When it comes to fishing in Australia, snapper are easily of the most popular and readily accessible saltwater species. When the end of July is marked off on the calendar, we begin to see posts on social media of keen anglers holding up beautiful winter reds at their favourite pier, rock platform or breakwall. Snapper are widely targeted by boat anglers, but that doesn’t mean the landbased fishermen can’t get in on the action! By spending the hours, doing your homework and observing weather patterns, landbased anglers are also able to join in on the snapper fever to land that trophy red.
Without a doubt, timing is one of the most essential pieces of the snapper puzzle, if your rig or bait are a little off the mark, the impact will be much smaller than if you’re fishing in the wrong place at the wrong time. Snapper are readily catchable (with great effort and tenacity) from late July through til March, with the warmer months being the most productive. As a general rule, snapper like to feed closer to shore during low-light periods, this doesn’t mean you won’t catch them during the day, but fishing for them during sunrise, sunset or through the night will often produce better results. Aside from lighting; tide, barometric pressure and water temperature also play major roles in snapper feeding patterns. Generally, the idea is to look for the following:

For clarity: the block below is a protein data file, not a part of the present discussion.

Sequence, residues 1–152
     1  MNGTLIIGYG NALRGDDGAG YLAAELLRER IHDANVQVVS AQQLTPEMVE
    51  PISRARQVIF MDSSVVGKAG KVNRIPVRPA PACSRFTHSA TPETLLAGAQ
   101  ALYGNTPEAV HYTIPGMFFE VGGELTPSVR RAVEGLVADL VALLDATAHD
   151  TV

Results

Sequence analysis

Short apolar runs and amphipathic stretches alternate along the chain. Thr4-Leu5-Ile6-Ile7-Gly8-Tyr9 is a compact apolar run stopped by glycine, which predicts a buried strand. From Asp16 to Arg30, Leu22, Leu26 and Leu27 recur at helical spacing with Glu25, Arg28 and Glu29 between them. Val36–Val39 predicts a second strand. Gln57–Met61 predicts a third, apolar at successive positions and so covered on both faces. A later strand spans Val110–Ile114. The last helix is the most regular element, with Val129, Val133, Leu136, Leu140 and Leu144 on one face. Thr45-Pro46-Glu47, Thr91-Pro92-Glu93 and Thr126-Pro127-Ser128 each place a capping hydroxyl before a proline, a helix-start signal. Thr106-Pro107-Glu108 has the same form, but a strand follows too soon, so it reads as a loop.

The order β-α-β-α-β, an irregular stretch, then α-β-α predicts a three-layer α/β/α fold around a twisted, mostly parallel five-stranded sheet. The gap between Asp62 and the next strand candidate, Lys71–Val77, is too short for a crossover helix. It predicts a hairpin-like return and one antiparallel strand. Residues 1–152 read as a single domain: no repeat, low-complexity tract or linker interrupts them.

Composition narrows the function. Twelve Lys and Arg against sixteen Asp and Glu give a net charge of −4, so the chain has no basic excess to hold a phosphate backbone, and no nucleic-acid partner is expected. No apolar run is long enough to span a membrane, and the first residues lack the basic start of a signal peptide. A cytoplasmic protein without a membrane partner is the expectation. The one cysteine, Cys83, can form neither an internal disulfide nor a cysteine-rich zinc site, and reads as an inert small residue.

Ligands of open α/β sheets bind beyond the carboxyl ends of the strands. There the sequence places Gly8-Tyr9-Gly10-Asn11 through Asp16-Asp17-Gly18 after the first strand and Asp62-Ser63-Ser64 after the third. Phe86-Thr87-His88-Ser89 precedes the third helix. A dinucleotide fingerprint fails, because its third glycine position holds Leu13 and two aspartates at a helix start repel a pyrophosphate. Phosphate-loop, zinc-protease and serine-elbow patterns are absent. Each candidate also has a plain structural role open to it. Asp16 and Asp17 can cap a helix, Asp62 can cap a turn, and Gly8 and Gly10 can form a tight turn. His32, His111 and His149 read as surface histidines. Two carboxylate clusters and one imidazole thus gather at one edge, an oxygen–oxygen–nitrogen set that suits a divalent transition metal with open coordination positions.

TIDE: 2 Hours either side of high or low tide, depending on location. If a low tide pushes food into a channel or a deeper patch of water, low tide will often produce more. If a high tide allows fish to access otherwise inaccessible reefs and feeding areas such as rocky bottoms or crab holes, then high tide will be the most productive.